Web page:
Number 4: 5 must-watch higher education TED talks

The future of higher ed and the role of technology are highlights of these insightful TED talks

TED-talks-education[Editor’s note: This story is part of our end-of-year countdown, and was the 4th most popular story on the site in 2014. Keep checking back every day as we build to our top story of 2014! Happy Holidays from eCampus News!]

By now, most internet junkies know about the incredible talks given through TED (Technology, Education, and Design), but outside of education talks given by Bill Gates and the ever-viral talk by Liz Coleman, what are some of the best, and potentially overlooked, discussions on higher education and technology?

Recording and posting various talks on different topics, given by experts in different fields, TED began in 1984, but has lately risen to new popularity with a worldwide following.

However, the popularity of TED talks has grown to the point where many cities, and even colleges and universities, host their own TED education talks, often revealing deeper, more specific discussions on relevant topics in higher education, and especially online learning.

In this article, you’ll find five of the best TED talks, given within the last couple of years, on topics that range from whether or not MOOCs are still relevant to the capabilities of assistive technologies, and from self-organizing curriculum to designing the university of the future.

Know of any great TED talks on higher education and/or technology? Be sure to leave your comments in the section provided below, email me at mstansbury@ecampusnews.com, or find me @eSN_Meris on Twitter.

(Next page: 5 of the best TED talks)

[Listed in alphabetical order by speaker]

1. Anant Agarwal: Why massive open online courses (still) matter:

2013 was a year of hype for MOOCs (massive open online courses). Great big numbers and great big hopes were followed by some disappointing first results. But the head of edX, Anant Agarwal, makes the case that MOOCs still matter—as a way to share high-level learning widely and supplement (but perhaps not replace) traditional classrooms. Agarwal shares his vision of blended learning, where teachers create the ideal learning experience for 21st century students.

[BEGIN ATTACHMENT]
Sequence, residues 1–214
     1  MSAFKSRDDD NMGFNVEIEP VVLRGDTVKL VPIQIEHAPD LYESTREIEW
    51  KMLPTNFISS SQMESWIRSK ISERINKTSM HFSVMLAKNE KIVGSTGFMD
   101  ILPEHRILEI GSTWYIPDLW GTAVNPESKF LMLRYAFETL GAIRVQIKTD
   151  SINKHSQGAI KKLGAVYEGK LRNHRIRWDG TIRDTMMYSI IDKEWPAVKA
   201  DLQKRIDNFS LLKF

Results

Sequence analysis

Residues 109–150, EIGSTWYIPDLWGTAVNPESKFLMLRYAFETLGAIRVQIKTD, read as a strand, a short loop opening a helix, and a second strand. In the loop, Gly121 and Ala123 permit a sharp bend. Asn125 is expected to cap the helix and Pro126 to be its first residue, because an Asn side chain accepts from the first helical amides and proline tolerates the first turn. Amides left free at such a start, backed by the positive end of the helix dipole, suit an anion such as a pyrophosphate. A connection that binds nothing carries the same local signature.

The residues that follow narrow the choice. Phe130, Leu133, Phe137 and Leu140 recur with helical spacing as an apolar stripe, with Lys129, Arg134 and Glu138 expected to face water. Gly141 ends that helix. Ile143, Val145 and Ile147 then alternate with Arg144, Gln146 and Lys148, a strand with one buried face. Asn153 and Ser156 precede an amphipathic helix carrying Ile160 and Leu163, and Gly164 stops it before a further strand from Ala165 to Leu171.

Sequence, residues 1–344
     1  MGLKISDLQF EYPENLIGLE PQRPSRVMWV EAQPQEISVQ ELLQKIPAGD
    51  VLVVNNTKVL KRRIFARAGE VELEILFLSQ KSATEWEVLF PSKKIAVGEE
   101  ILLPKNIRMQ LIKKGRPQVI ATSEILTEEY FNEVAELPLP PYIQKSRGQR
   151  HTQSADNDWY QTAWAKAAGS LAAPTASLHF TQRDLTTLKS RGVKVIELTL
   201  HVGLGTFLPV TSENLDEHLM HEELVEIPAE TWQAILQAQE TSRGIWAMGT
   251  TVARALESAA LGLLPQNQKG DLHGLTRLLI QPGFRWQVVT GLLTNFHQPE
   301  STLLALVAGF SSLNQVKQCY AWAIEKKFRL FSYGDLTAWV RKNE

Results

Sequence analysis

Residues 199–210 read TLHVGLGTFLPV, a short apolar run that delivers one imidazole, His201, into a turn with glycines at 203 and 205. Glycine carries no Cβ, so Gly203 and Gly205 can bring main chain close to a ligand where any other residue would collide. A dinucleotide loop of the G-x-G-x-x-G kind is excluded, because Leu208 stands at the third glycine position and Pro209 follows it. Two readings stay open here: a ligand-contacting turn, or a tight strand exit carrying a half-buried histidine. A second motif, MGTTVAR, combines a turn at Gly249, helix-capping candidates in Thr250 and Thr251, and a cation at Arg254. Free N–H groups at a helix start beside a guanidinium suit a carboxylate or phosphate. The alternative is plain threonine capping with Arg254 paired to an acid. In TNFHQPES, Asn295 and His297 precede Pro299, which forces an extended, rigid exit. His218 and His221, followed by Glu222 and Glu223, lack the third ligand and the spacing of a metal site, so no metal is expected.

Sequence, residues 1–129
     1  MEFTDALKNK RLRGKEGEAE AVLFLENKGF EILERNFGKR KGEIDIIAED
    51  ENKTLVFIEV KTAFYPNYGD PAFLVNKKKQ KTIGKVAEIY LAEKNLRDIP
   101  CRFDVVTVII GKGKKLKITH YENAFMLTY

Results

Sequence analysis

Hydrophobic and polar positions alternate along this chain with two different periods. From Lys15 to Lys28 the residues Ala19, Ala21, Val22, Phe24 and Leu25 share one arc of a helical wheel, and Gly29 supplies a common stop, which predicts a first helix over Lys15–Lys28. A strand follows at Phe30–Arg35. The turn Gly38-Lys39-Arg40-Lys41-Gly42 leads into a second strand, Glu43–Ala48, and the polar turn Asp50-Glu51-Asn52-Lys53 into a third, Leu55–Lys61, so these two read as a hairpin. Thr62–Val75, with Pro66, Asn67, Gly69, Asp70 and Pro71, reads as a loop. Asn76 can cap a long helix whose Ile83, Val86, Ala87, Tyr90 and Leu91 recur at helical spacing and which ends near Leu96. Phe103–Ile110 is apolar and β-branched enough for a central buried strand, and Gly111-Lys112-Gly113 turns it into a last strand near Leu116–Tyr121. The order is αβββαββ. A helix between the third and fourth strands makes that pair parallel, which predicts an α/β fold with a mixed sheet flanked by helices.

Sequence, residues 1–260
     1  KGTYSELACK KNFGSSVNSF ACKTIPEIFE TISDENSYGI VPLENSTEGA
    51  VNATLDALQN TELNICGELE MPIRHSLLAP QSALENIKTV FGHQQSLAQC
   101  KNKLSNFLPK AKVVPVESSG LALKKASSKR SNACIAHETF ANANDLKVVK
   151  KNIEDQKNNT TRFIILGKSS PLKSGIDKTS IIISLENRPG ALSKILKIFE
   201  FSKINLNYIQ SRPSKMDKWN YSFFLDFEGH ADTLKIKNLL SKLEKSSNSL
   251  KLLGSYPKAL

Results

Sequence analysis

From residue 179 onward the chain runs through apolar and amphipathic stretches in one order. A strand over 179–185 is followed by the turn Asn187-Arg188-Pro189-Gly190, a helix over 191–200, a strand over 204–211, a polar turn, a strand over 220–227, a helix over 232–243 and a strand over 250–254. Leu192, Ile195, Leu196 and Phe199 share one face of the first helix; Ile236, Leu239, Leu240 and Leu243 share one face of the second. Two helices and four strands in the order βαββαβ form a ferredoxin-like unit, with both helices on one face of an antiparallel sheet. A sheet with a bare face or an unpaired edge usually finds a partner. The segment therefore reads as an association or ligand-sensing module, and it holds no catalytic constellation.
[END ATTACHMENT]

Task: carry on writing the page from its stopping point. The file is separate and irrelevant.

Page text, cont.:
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2. David Helfand: Designing a university for the new millennium:

Following 35 years on the faculty of Columbia University in New York, more than half of that time as Chair of the Department of Astronomy and Astrophysics, Dr. Helfand developed a deep understanding of the problems of traditional universities. Seizing an opportunity to redesign higher education from scratch, he has served as a Founding Tutor and, since 2008, as President and Vice Chancellor of Quest University Canada.

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3. Freeman Hrabowski: 4 pillars of college success in science:

At age 12, Freeman Hrabowski marched with Martin Luther King. Now he’s president of the University of Maryland, Baltimore County (UMBC), where he works to create an environment that helps under-represented students—specifically African-American, Latino and low-income learners—get degrees in math and science. He shares the four pillars of UMBC’s approach.

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(Next page: TED talks 4-5)

4. Ron McCallum: How technology allowed me to read:

Months after he was born, in 1948, Ron McCallum became blind. In this charming, moving talk, he shows how he is able to read — and celebrates the progression of clever tools and adaptive computer technologies that make it possible. With their help, and that of generous volunteers, he’s become a lawyer, an academic, and, most of all, a voracious reader. Welcome to the blind reading revolution. (Filmed at TEDxSydney.)

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5. Shimon Schocken: The self-organizing computer course:

Shimon Schocken and Noam Nisan developed a curriculum for their students to build a computer, piece by piece. When they put the course online—giving away the tools, simulators, chip specifications and other building blocks—they were surprised that thousands jumped at the opportunity to learn, working independently as well as organizing their own classes in the first Massive Open Online Course (MOOC). A call to forget about grades and tap into the self-motivation to learn.

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Other TED talks worth a watch:

Claire Potter: Classrooms of the future: http://youtu.be/dwqQycztc0E

Michael Horn: Disrupting class: http://youtu.be/i3Xzz2T59eU

Salman Kahn: Let’s use video to reinvent education: http://www.ted.com/talks/salman_khan_let_s_use_video_to_reinvent_education

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